In each Economic Update, the Research staff analyzes recently released economic indicators and addresses what these indicators mean for REALTORS® and their clients. Today’s update discusses the Case Shiller price index and consumer confidence.
- Case Shiller price data showed that by all three measures, prices rose at the end of the 2nd quarter. The quarterly national index was up 1.2 percent compared to 2011. The monthly 20-city and 10-city indices were up 0.5 and 0.1 percent, respectively, compared to June 2011.
- These annual increases follow 5 consecutive months of annual house price increases as measured by NAR and the FHFA’s prices.
- What’s notable in this release is the extreme movement month-to-month. Even the seasonally adjusted data rose by 0.9 and 1 percent from June to July for the 20- and 10-city indices, respectively. If this pace were to continue, that would mean 11 to 13 percent annual increases in prices among the 20- and 10-city indices.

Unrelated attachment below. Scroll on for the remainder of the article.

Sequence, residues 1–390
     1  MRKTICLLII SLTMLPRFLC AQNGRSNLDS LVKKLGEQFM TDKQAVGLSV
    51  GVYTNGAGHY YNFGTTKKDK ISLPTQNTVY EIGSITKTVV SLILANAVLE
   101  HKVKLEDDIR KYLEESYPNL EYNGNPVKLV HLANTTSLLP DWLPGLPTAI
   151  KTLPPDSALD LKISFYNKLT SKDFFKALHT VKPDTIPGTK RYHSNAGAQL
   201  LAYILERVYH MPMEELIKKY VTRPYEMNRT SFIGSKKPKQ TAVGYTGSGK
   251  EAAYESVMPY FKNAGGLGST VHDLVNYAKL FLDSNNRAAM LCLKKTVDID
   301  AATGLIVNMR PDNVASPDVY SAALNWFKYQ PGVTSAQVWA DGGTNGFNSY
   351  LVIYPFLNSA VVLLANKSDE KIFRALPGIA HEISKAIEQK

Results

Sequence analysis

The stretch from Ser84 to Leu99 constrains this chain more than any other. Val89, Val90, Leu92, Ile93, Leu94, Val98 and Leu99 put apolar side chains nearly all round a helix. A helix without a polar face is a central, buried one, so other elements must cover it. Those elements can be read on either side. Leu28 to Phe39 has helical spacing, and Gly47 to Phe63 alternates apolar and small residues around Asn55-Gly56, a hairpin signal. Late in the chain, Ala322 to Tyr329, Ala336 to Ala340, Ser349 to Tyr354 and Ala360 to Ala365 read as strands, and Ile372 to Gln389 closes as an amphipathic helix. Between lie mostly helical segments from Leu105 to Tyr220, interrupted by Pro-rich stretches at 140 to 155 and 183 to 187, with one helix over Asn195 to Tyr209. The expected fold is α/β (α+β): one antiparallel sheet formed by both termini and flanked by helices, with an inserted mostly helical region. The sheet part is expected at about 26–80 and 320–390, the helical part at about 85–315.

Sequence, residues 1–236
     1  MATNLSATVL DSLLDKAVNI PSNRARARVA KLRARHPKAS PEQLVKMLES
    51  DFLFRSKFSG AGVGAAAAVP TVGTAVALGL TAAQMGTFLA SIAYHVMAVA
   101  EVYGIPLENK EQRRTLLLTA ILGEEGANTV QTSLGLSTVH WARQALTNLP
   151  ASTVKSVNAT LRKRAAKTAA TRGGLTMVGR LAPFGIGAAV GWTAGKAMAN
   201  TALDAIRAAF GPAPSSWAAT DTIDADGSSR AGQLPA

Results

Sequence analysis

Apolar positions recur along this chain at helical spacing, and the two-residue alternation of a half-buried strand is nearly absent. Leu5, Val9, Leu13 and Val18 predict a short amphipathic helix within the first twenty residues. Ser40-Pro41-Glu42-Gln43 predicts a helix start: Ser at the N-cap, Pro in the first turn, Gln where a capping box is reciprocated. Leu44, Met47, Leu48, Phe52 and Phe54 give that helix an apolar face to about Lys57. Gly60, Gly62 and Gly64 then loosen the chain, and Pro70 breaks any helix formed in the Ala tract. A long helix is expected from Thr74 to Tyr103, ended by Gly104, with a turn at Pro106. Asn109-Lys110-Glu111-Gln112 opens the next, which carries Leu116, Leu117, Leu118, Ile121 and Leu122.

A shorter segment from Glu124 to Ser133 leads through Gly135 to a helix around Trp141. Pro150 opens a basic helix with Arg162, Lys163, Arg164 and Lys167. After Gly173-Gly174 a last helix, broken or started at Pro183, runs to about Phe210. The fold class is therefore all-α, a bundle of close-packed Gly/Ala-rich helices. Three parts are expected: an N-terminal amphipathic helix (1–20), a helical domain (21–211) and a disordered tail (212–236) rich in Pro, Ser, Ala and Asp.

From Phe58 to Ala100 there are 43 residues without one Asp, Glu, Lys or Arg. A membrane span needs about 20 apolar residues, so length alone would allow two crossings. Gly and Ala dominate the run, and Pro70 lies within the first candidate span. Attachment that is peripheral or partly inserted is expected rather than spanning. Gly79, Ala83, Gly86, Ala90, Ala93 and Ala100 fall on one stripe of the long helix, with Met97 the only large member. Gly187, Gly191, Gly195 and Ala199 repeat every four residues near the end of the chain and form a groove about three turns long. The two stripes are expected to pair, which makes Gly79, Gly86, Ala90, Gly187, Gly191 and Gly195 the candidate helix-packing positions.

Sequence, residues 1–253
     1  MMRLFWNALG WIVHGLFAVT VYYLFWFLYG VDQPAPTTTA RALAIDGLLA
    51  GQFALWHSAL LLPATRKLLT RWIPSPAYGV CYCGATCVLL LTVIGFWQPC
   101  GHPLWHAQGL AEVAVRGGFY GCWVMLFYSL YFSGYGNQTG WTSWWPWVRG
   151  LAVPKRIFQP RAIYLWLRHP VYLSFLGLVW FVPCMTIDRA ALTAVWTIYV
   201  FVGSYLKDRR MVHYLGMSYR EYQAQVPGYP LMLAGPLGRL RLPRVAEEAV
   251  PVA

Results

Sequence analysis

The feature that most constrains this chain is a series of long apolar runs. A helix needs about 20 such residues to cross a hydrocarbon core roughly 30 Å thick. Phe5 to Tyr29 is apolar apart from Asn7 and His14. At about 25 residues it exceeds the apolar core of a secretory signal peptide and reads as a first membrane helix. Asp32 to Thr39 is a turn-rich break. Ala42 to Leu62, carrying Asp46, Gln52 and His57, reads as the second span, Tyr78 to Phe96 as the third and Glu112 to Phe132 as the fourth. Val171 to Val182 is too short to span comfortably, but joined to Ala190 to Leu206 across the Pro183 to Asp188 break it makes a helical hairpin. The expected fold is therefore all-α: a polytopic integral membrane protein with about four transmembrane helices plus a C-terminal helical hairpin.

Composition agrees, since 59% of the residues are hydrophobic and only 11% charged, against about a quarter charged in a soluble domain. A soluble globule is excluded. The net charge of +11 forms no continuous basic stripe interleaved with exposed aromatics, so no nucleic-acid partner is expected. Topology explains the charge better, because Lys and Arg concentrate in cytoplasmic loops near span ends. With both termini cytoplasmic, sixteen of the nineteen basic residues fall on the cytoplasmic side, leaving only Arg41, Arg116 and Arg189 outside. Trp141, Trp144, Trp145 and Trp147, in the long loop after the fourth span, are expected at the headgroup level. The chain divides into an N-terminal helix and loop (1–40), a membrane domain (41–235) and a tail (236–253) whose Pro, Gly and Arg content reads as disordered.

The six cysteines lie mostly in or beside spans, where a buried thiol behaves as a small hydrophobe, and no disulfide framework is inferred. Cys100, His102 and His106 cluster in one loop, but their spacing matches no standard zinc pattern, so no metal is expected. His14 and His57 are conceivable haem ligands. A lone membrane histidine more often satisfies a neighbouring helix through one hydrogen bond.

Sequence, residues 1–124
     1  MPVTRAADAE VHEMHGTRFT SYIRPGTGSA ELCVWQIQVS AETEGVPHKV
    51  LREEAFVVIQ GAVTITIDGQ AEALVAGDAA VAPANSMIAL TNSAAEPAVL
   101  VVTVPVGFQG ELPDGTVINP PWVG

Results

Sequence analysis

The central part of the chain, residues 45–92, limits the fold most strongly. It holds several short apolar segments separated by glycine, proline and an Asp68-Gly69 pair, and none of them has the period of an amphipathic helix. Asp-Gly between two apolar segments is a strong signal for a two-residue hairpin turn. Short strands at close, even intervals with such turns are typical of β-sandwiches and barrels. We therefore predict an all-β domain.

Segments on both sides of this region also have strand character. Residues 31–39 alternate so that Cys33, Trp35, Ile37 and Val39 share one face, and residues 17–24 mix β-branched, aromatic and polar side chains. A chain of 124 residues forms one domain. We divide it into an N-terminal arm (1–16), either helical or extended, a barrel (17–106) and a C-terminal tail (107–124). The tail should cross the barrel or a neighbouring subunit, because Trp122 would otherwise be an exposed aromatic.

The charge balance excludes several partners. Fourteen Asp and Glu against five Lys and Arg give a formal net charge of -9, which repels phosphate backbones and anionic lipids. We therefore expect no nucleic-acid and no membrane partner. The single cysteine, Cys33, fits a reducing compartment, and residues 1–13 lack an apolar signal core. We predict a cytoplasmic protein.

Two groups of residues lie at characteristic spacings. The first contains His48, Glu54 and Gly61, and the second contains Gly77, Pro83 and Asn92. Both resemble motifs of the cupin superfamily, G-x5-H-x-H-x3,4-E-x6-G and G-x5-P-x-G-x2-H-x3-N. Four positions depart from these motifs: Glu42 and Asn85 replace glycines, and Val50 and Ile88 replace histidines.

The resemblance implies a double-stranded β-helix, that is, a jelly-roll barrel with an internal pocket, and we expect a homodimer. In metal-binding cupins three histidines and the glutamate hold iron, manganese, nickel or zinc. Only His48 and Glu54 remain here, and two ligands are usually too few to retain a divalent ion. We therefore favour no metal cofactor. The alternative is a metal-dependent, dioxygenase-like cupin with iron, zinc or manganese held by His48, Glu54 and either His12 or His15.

- Drilling down further, we see that seasonally adjusted prices rose by 3.6 percent in Detroit, 2.3 percent in Atlanta, and 1.6 percent in Phoenix from June to July. If that pace of increase were to be sustained, price growth in these cities would easily exceed 20 percent in a single year.
- Whether or not that pace is sustained (and given the variability in the data it will likely not be), today’s data clearly show that a sharp-turnaround in housing is underway across the U.S., with particular strength in markets that had been hit hard.
- Separately, consumer confidence data took a negative turn in August. While consumer assessment of current conditions was largely unchanged, consumer expectations dropped notably to the lowest level since November 2011. This data can be an indicator of consumer spending, and somewhat offsets the positive home price news.